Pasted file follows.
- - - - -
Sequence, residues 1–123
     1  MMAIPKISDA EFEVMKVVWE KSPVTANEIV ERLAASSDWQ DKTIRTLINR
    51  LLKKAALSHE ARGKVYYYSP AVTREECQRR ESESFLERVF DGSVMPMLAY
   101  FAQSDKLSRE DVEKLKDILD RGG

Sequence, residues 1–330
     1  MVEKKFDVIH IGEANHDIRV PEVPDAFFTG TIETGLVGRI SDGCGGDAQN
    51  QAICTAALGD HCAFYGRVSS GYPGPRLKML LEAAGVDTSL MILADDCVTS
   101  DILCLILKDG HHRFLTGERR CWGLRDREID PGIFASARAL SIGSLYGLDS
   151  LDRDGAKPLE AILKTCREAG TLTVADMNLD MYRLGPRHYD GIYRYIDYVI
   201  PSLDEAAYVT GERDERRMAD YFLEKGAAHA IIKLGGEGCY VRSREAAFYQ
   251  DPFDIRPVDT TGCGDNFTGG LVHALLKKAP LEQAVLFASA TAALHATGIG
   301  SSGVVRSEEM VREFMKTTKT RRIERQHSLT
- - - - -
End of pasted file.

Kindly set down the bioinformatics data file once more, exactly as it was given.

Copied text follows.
Sequence, residues 1–123
     1  MMAIPKISDA EFEVMKVVWE KSPVTANEIV ERLAASSDWQ DKTIRTLINR
    51  LLKKAALSHE ARGKVYYYSP AVTREECQRR ESESFLERVF DGSVMPMLAY
   101  FAQSDKLSRE DVEKLKDILD RGG

Sequence, residues 1–330
     1  MVEKKFDVIH IGEANHDIRV PEVPDAFFTG TIETGLVGRI SDGCGGDAQN
    51  QAICTAALGD HCAFYGRVSS GYPGPRLKML LEAAGVDTSL MILADDCVTS
   101  DILCLILKDG HHRFLTGERR CWGLRDREID PGIFASARAL SIGSLYGLDS
   151  LDRDGAKPLE AILKTCREAG TLTVADMNLD MYRLGPRHYD GIYRYIDYVI
   201  PSLDEAAYVT GERDERRMAD YFLEKGAAHA IIKLGGEGCY VRSREAAFYQ
   251  DPFDIRPVDT TGCGDNFTGG LVHALLKKAP LEQAVLFASA TAALHATGIG
   301  SSGVVRSEEM VREFMKTTKT RRIERQHSLT